Re: content-type preferences

Daniel W. Connolly (
Mon, 6 Feb 95 14:40:55 EST

In message <>, "Dave Raggett" writes:
>> As I pointed out earlier, Dan's idea does have one drawback by not
>> accomodating multiple formats - and I do wish someone would explain in 25
>> words or less how an html author provides input into how http "negotiates"
>> with clients about content type -- but a content type attribute clearly
>> beats hardwiring content type based on file extension. For one thing, an
>> attribute is easier to parse than a URL/filename.
>The solution is to create a URC entry that describes the resource and
>to get HTTP servers to use these entries to construct the content type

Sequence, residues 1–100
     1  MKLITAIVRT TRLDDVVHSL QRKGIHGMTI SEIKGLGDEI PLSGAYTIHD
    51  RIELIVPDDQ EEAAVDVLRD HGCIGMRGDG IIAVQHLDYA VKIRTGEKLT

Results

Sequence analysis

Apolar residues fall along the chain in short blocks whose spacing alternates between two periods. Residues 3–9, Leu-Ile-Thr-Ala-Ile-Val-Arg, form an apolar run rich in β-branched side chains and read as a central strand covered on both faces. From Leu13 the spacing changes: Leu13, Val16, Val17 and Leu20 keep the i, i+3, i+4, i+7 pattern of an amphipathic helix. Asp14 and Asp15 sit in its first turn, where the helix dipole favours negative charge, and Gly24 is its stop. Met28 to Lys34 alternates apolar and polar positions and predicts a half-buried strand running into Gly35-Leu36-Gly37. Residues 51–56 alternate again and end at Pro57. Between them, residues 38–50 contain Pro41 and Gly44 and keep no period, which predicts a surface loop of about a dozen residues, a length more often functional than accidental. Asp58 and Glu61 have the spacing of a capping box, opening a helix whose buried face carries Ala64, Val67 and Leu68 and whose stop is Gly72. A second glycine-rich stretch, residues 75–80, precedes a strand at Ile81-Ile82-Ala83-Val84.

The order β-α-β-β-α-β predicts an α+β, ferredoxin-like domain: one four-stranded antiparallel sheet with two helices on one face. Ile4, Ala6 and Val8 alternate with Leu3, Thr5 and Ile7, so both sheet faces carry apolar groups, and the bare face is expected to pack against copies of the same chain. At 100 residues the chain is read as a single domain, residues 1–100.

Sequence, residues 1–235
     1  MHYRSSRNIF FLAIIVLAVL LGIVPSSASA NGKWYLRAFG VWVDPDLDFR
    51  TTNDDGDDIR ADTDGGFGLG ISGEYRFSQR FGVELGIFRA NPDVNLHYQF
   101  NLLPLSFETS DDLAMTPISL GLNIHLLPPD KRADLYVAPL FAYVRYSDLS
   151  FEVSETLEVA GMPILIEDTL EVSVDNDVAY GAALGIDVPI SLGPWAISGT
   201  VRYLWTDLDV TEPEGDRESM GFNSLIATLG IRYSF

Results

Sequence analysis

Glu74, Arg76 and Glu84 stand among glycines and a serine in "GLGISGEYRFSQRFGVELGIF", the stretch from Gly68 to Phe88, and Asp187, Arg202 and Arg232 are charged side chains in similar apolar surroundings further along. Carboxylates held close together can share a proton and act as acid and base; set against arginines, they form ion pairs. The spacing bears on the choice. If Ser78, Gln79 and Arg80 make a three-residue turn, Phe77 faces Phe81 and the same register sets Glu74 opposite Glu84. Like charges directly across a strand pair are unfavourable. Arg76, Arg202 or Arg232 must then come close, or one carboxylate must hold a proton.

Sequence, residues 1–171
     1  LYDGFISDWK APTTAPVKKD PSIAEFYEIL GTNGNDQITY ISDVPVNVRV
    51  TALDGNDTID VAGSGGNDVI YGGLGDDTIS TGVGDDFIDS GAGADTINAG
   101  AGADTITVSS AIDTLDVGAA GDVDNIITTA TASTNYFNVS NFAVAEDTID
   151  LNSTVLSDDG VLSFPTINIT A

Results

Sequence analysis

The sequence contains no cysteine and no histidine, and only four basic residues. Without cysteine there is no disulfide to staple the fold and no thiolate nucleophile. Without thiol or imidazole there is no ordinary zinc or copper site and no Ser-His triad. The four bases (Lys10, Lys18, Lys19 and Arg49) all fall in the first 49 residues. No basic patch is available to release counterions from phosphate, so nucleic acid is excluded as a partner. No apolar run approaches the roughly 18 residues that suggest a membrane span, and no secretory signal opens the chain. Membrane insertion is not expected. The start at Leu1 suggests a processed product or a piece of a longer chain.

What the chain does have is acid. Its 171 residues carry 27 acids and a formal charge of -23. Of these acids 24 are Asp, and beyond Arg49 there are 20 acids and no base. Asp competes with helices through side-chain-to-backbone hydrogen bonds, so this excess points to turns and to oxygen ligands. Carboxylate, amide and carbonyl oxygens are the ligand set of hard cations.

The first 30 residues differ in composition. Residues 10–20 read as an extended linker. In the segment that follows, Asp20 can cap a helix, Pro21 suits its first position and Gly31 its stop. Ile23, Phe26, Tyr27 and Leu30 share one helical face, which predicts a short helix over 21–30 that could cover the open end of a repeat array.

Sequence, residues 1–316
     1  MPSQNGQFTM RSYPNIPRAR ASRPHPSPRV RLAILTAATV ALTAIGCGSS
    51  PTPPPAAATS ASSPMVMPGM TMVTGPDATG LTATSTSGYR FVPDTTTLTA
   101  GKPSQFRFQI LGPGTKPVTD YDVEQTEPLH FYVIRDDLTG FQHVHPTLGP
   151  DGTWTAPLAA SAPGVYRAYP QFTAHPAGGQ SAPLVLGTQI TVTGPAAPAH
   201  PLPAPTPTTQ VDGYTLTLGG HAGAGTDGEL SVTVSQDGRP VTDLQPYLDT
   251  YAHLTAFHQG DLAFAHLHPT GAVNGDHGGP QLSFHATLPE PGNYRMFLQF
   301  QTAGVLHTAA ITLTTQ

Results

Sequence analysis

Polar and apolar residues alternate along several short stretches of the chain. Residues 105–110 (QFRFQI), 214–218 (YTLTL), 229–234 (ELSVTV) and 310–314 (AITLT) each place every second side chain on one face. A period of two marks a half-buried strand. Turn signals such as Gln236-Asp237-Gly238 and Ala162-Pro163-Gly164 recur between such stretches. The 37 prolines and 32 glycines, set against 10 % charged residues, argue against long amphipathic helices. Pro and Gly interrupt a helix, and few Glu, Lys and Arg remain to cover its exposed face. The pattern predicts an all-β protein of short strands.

>and other attributes. We need to get URCs underway and soon ...

Hmmm... "the solution"?

As long as you're just talking about an interaction between one client
and one server that has multiple representations of an object, the
current HTTP protocol is sufficient. Deployment of some shared
metainformation in the form of URCs or whatever is only necessary for
distributed indexing in the spirit of harvest, Dienst, whois++, SOLO,
or one of those.

_A_ solution is to use the existing support in, for the example, the
CERN HTTPD server. The information provider (aka "html author")
creates a .multi file describing the various representations of the
object. The server uses the .multi info and the client's Accept:
headers to choose which representation to return.

This feature doesn't seem to be explicitly documented, but I know it's
in there.

It's clearly not used very much. See also: an earlier discussion on
on "Format Negociation in Practice"[1].


[1] "Format Negociation in Practice [Was:Versioning HTML at the server]"
Daniel W. Connolly (
Tue, 18 Oct 1994 19:10:46 +0100